Mark McKinnon on McCain's Advertising Strategy
Matthew C. Nisbet, Ph.D. is Associate Professor of Communication Studies, Public Policy, and Urban Affairs at Northeastern University. Nisbet studies the role of communication and advocacy in policymaking and public affairs, focusing on debates over over climate change, energy, and sustainability. Among awards and recognition, Nisbet has been a Visiting Shorenstein Fellow on Press, Politics, and Public Policy at Harvard University's Kennedy School of Government, a Health Policy Investigator at the Robert Wood Johnson Foundation, and a Google Science Communication Fellow. In 2011, the editors at the journal Nature recommended Nisbet's research as “essential reading for anyone with a passing interest in the climate change debate,” and the New Republic highlighted his work as a “fascinating dissection of the shortcomings of climate activism."
Mark McKinnon was the genius behind Bush's 2004 media strategy. The Bush campaign successfully portrayed Bush as "a strong leader in a time of change" while redefining Kerry as "weak, waffling, and weird." For more, see the clip above, with McKinnon discussing how they turned 9/11 and metaphors about the "war on terror" to the Bush campaign's advantage.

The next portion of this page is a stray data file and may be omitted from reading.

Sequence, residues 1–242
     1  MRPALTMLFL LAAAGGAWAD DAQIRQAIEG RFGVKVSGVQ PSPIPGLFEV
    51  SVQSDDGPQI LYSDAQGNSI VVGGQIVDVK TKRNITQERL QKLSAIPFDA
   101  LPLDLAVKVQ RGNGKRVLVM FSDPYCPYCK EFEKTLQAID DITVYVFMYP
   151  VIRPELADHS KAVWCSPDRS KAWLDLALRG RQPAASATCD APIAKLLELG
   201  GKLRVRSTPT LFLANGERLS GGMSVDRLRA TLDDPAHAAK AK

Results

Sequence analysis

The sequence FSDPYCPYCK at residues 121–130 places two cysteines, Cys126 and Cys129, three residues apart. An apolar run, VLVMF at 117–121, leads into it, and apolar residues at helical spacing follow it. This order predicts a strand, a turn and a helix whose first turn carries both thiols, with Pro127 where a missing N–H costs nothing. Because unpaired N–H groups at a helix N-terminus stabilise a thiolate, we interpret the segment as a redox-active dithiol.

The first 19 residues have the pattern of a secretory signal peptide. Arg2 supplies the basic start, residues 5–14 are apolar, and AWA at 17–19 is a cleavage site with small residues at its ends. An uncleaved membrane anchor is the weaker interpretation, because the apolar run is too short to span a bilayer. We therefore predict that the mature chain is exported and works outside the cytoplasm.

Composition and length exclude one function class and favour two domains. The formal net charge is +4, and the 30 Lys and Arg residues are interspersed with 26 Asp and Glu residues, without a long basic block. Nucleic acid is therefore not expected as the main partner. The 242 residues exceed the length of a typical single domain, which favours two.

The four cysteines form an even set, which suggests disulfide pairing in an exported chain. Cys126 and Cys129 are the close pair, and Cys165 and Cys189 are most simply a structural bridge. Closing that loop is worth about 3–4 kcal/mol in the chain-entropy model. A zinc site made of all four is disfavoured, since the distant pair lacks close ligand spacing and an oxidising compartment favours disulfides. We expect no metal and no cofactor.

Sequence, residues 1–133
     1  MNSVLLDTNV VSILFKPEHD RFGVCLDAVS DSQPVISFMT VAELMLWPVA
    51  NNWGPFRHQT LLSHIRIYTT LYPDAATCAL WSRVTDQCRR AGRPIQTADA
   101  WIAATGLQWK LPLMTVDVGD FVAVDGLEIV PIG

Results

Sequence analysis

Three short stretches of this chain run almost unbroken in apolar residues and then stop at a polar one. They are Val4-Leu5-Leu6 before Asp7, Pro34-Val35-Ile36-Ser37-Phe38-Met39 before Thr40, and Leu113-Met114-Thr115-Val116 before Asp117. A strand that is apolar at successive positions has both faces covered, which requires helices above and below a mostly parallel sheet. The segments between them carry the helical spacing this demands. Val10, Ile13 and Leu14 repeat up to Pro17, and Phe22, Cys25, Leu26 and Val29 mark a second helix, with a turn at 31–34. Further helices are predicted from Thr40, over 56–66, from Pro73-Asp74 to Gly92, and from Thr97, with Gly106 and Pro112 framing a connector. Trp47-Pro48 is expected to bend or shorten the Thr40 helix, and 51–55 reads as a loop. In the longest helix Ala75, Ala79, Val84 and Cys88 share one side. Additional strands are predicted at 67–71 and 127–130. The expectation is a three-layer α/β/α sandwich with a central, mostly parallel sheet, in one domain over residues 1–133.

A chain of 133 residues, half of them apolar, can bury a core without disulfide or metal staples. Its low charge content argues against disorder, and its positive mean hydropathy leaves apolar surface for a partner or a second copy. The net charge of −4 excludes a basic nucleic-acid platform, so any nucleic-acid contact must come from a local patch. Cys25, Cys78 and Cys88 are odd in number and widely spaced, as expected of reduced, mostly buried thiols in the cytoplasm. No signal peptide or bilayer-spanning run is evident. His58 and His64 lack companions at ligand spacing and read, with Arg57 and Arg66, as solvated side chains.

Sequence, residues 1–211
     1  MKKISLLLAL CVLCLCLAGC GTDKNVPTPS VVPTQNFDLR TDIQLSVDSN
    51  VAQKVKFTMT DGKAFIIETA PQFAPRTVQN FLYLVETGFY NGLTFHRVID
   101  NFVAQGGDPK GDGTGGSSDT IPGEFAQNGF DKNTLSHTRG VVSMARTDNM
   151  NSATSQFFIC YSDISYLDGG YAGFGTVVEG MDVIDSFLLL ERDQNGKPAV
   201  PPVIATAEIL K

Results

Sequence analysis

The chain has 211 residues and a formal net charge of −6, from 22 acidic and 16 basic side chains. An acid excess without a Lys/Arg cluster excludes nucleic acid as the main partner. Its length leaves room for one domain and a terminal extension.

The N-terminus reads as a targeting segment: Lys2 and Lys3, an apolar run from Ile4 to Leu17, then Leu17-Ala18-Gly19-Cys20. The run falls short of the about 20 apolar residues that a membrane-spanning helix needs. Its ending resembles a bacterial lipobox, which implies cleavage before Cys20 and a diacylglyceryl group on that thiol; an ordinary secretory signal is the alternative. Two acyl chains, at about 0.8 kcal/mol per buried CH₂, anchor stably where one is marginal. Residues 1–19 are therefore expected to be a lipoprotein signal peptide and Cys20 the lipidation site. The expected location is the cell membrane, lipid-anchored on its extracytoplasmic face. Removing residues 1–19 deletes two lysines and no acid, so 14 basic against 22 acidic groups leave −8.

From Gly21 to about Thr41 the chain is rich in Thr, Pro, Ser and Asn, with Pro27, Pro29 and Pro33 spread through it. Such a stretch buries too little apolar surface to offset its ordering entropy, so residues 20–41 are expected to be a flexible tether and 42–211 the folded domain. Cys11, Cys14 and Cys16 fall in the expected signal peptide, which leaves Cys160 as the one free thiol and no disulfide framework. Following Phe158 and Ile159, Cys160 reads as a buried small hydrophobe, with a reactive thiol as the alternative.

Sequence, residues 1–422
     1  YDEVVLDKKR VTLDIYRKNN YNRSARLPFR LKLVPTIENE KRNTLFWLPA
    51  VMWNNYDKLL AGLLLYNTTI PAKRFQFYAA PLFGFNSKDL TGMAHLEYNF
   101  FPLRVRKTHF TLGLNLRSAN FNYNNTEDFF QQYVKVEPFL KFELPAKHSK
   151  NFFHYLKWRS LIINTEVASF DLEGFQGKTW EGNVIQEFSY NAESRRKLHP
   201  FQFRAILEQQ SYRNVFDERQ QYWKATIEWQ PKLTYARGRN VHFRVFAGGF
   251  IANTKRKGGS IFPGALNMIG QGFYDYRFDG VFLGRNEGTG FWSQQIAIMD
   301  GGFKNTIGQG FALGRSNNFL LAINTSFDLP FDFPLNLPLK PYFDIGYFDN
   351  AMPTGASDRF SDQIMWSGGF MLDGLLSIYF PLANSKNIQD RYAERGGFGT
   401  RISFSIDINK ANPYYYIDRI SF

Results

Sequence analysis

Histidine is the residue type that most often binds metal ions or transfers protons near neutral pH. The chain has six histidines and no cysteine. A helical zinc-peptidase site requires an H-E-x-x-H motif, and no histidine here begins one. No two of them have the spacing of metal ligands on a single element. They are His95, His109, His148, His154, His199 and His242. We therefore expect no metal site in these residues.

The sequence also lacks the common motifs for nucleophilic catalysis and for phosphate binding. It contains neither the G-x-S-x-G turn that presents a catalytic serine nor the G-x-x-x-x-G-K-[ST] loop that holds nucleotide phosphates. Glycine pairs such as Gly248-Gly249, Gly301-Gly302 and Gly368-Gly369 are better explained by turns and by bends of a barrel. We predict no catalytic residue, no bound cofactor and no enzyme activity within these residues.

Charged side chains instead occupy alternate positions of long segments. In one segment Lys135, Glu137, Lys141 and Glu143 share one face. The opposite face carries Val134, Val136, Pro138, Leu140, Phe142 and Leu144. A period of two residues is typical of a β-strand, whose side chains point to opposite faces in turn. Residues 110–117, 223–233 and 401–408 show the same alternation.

So does this sound familiar? It's the exact strategy that McCain is applying so effectively in his recent advertising blitz. McKinnon also directed McCain's media strategy up through the primaries, and then in a rare moment of modern day political chivalry, stepped down because of his admiration for Barack Obama. "I would simply be uncomfortable being in a campaign that would be inevitably attacking Barack Obama," said McKinnon. "I think it would be uncomfortable for me, and I think it would be bad for the McCain campaign."
So McCain went forward and hired Rove & McKinnon's junior colleagues to run his general election bid. Here's what McKinnon has to say about the McCain strategy so far.
Mark McKinnon, a media strategist and former McCain adviser who worked for both of Mr Bush's campaigns, said of the advertisements: "I think they've crystallised their message and I think they're hitting a nerve."
Political advertising is effective, he added, when it ties into an overall narrative. In this case, the message has been framed in a positive and negative way: that Mr McCain puts "country first", while Mr Obama puts "Obama first". The theme was repeated in a McCain advertisement released on Wednesday, showing flashing cameras and crowds chanting "Obama" as a voice asks, "Is the biggest celebrity in the world ready to help your family?"